Witchcraft makes good use of humble objects, and carving roots into human form is a prime example.  Potatoes and onions--onions most often substituting for the target's heart--are ideal for this purpose, and similar roots (especially if they carry some feeling familiar to the target of your spell) work equally well.  Give turnips, rutabagas, and yams a go!

Homemade Beauty Products

Here's also a good place to find herbal, organic, handmade items like bath salts, oils, creams, perfumes, and scrubs.  With a little focus, you can bewitch that berry red lip gloss to help you speak boldly.  Boost that body scrub with some herbs and essential oils to cleanse both your skin and your spirit.  

It's handy to have someone else do the heavy lifting when it comes to carefully prepared products that you may not have the equipment or time to make yourself.  But the magic?  That you can definitely do!

Your own local market will have its own blend of stalls that may look totally different from what I've seen.  Each area offers to its patrons what grows best and what sells best, so watch for what makes your own hometown unique.  Here are some interesting additions you can come across:

  • Hand woven baskets
  • Potted plants
  • Handcarved spoons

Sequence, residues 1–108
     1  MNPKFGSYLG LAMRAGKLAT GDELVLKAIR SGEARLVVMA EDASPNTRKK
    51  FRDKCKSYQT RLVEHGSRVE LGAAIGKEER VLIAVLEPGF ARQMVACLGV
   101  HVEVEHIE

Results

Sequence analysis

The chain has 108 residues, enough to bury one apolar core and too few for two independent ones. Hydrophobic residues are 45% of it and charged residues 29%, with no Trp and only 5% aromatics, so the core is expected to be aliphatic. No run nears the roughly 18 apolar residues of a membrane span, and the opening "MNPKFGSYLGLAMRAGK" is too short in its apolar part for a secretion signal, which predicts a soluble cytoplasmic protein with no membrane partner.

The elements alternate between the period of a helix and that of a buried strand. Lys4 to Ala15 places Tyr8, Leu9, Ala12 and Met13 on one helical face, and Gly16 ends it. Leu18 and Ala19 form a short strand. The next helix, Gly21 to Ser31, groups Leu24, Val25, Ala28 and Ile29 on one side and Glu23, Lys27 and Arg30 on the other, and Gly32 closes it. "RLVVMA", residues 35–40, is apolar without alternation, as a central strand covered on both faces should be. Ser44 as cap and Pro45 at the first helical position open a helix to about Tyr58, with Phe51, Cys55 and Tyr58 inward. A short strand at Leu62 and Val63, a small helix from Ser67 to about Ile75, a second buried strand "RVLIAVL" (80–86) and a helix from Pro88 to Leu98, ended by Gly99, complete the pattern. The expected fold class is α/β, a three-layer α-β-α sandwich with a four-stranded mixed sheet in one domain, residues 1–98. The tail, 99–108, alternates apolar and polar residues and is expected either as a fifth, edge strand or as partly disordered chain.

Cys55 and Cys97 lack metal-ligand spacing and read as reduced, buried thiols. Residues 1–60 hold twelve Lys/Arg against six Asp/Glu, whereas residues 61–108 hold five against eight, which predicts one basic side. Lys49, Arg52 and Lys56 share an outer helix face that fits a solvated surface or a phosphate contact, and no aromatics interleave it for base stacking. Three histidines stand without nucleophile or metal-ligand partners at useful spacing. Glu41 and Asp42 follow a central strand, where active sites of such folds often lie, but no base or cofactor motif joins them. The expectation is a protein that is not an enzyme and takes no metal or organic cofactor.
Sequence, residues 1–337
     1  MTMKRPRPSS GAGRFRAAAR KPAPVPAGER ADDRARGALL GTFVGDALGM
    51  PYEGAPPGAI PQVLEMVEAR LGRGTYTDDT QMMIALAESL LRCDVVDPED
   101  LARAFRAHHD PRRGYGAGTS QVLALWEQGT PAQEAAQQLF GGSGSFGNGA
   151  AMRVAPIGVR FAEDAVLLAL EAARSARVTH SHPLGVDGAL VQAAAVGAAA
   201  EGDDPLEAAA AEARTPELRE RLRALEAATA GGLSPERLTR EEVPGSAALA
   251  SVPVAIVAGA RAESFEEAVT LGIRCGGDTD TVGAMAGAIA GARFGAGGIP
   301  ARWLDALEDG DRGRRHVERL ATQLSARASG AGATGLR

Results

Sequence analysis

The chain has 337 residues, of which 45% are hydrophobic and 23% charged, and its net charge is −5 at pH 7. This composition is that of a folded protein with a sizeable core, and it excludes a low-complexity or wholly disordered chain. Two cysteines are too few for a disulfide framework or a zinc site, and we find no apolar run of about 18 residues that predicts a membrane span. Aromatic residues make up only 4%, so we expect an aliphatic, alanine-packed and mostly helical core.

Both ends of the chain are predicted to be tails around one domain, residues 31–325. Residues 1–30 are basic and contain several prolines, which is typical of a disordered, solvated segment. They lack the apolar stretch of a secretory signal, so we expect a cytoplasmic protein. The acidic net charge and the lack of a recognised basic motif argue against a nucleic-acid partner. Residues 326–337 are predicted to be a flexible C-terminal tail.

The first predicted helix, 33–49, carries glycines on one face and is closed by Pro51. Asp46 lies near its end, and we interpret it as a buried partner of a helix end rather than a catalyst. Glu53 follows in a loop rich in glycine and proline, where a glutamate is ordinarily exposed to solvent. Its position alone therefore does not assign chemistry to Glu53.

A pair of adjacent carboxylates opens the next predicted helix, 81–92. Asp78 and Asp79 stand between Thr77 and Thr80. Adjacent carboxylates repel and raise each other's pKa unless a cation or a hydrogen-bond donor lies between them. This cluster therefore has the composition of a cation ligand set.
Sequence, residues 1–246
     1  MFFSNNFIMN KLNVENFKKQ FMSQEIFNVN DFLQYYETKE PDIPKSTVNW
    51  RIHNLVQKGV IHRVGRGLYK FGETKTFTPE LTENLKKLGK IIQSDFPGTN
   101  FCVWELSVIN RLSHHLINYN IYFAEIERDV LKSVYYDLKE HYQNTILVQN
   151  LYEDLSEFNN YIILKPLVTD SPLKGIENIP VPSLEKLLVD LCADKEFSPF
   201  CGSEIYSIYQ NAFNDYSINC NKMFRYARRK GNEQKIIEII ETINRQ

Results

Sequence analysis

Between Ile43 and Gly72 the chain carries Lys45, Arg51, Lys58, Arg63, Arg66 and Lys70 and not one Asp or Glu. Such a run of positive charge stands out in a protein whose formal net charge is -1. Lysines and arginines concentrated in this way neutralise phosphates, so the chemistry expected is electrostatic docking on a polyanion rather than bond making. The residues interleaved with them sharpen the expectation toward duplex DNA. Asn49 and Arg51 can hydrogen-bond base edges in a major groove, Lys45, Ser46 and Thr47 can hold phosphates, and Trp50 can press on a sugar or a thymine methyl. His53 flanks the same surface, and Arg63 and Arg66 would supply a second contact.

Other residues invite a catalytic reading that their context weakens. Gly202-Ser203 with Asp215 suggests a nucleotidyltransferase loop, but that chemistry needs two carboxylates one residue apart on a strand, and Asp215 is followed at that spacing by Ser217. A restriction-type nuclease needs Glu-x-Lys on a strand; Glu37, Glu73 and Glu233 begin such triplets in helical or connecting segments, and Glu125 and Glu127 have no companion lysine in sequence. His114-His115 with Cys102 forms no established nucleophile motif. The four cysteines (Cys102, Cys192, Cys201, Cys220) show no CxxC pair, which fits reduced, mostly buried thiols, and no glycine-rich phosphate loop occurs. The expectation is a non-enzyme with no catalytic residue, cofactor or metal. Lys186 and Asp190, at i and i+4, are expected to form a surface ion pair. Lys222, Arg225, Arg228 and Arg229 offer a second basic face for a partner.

• Wooden boxes and trunks
  • Homespun wool and batting for cord magic
  • Vintage jewelry, especially the 60's-70's variety for their generous use of gemstones
  • Some markets even have a stall or two with genuine witchcraft items, mostly blessings, cleansing formulae, and tokens for good luck.  What a find that would be!

As a bonus, remember that markets aren't just about the things but the people behind them.  The surest way to be accepted in your community (yes, even as a living-out-loud witch) is to listen to and interact with those who have a hand in creating the very structure of that community.  Buy and sell, barter and trade, seek services and offer them.  You can end up the official witch of your town--sans pitchforks--and it can all start here.


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About Me

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My name is Quill and I've been practicing witchcraft for the past 17 years. 10 of those years I've been reading tarot and teaching.  I own a shop on Etsy called Quill's Occult Supply (check it out at full of handmade ritual and decorative items, spell components, and wild picked herbs.

I love to work with my hands.  Magic is a tool to shape our lives, and I'm using magic to shape tools to shape magic.  Cosmic! 

I use a lot of my favorite things in my shop: herbs, candles, wood, fabric, paint, clay.  And I get to carve, burn, grind, mold, think, dream ... I'm in the perfect business!

I've written 3 manuscripts for publication (2 non-fiction and 1 fiction) and am an avid NaNo-er!  I and my husband run a local coven called Orbis Prosapia, and our children are growing up surrounded by magic, mythology, fairy tales, Earth worship, art, open discussion, music, and humor. 

In addition to working on Ex Penna about my experiences as a professional witch, I also write for Scenes from the Circle about being a coven leader.